Threatened Miscarriage

Bleeding during the first 20 weeks of pregnancy is common. This is sometimes called a threatened miscarriage. This is a pregnancy that is threatening to end before the twentieth week of pregnancy. Often this bleeding stops with bed rest or decreased activities as suggested by your caregiver and the pregnancy continues without any more problems. You may be asked to not have sexual intercourse, have orgasms or use tampons until further notice. Sometimes a threatened miscarriage can progress to a complete or incomplete miscarriage. This may or may not require further treatment. Some miscarriages occur before a woman misses a menstrual period and knows she is pregnant.

Miscarriages occur in 15 to 20% of all pregnancies and usually occur during the first 13 weeks of the pregnancy. The exact cause of a miscarriage is usually never known. A miscarriage is natures way of ending a pregnancy that is abnormal or would not make it to term. There are some things that may put you at risk to have a miscarriage, such as:

  • Hormone problems.

  • Infection of the uterus or cervix.

  • Chronic illness, diabetes for example, especially if it is not controlled.

  • Abnormal shaped uterus.

  • Fibroids in the uterus.

  • Incompetent cervix (the cervix is too weak to hold the baby).

  • Smoking.

  • Drinking too much alcohol. It's best not to drink any alcohol when you are pregnant.

  • Taking illegal drugs.

TREATMENT

When a miscarriage becomes complete and all products of conception (all the tissue in the uterus) have been passed, often no treatment is needed. If you think you passed tissue, save it in a container and take it to your doctor for evaluation. If the miscarriage is incomplete (parts of the fetus or placenta remain in the uterus), further treatment may be needed. The most common reason for further treatment is continued bleeding (hemorrhage) because pregnancy tissue did not pass out of the uterus. This often occurs if a miscarriage is incomplete. Tissue left behind may also become infected. Treatment usually is dilatation and curettage (the removal of the remaining products of pregnancy. This can be done by a simple sucking procedure (suction curettage) or a simple scraping of the inside of the uterus. This may be done in the hospital or in the caregiver's office. This is only done when your caregiver knows that there is no chance for the pregnancy to proceed to term. This is determined by physical examination, negative pregnancy test, falling pregnancy hormone count and/or, an ultrasound revealing a dead fetus.

Miscarriages are often a very emotional time for prospective mothers and fathers. This is not you or your partners fault. It did not occur because of an inadequacy in you or your partner. Nearly all miscarriages occur because the pregnancy has started off wrongly. At least half of these pregnancies have a chromosomal abnormality. It is almost always not inherited. Others may have developmental problems with the fetus or placenta. This does not always show up even when the products miscarried are studied under the microscope. The miscarriage is nearly always not your fault and it is not likely that you could have prevented it from happening. If you are having emotional and grieving problems, talk to your health care provider and even seek counseling, if necessary, before getting pregnant again. You can begin trying for another pregnancy as soon as your caregiver says it is OK.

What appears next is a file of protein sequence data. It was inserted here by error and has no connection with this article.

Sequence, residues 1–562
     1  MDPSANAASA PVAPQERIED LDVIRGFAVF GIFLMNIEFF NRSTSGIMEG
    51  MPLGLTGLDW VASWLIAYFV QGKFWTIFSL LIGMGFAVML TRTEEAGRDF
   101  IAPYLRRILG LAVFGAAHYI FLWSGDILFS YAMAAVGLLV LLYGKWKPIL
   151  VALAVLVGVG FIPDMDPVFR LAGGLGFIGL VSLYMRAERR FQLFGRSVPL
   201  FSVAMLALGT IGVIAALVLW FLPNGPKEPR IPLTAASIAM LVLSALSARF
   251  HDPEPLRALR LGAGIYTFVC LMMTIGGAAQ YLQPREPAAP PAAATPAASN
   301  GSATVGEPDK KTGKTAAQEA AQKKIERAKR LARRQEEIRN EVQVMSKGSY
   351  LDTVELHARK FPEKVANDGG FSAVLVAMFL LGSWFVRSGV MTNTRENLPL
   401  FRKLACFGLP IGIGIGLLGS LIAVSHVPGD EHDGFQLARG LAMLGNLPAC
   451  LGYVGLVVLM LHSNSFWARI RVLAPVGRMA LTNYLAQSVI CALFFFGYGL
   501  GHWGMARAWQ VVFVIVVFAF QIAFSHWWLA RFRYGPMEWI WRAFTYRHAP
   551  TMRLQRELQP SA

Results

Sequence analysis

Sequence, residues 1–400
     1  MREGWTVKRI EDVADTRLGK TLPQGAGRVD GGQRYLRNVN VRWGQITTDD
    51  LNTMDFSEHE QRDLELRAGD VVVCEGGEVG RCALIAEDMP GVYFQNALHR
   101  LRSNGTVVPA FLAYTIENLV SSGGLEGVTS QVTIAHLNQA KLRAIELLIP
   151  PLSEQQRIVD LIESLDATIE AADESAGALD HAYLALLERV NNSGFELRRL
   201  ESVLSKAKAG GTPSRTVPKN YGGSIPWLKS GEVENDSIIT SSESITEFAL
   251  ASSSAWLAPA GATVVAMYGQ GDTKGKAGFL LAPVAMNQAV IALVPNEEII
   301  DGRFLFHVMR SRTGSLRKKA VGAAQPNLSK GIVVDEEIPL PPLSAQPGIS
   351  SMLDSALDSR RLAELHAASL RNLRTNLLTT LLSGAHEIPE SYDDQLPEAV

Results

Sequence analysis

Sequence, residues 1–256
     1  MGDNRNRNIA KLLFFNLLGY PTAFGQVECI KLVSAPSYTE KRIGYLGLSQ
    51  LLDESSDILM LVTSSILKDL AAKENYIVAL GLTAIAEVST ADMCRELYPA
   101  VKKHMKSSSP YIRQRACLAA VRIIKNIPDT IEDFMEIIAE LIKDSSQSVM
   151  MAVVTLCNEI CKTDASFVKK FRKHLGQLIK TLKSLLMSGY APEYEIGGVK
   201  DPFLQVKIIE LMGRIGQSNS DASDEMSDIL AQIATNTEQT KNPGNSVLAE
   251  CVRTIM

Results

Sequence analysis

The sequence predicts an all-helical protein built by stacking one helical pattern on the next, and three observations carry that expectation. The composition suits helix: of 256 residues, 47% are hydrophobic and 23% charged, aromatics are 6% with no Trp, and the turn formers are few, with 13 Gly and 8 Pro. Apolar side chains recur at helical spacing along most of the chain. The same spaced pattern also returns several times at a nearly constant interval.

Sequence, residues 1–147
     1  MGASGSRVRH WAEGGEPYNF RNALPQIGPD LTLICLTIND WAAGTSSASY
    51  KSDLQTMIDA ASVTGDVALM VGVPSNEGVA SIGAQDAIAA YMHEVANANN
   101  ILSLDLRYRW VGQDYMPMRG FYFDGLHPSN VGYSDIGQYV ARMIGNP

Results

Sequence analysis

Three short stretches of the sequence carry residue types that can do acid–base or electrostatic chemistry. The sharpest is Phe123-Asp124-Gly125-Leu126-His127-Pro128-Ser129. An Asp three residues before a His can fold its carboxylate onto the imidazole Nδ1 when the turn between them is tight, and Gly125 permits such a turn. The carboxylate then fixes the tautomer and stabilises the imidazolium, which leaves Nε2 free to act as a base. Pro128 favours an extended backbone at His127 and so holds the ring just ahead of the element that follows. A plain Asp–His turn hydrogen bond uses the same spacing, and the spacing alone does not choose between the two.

HOME CARE INSTRUCTIONS

  • Your caregiver may order bed rest depending on how much bleeding and cramping you are having. You may be limited to only getting up to go to the bathroom. You may be allowed to continue light activity. You may need to make arrangements for the care of your other children and for any other responsibilities.

  • Keep track of the number of pads you use each day, how often you have to change pads and how saturated (soaked) they are. Record this information.

  • DO NOT USE TAMPONS. Do not douche, have sexual intercourse or orgasms until approved by your caregiver.

  • You may receive a follow up appointment for re-evaluation of your pregnancy and a repeat blood test. Re-evaluation often occurs after 2 days and again in 4 to 6 weeks. It is very important that you follow-up in the recommended time period.

  • If you are Rh negative and the father is Rh positive or you do not know the fathers' blood type, you may receive a shot (Rh immune globulin) to help prevent abnormal antibodies that can develop and affect the baby in any future pregnancies.

SEEK IMMEDIATE MEDICAL CARE IF:

  • You have severe cramps in your stomach, back, or abdomen.

  • You have a sudden onset of severe pain in the lower part of your abdomen.

  • You develop chills.

  • You run an unexplained temperature of 101° F (38.3° C) or higher.

  • You pass large clots or tissue. Save any tissue for your caregiver to inspect.

  • Your bleeding increases or you become light-headed, weak, or have fainting episodes.

  • You have a gush of fluid from your vagina.

  • You pass out. This could mean you have a tubal (ectopic) pregnancy.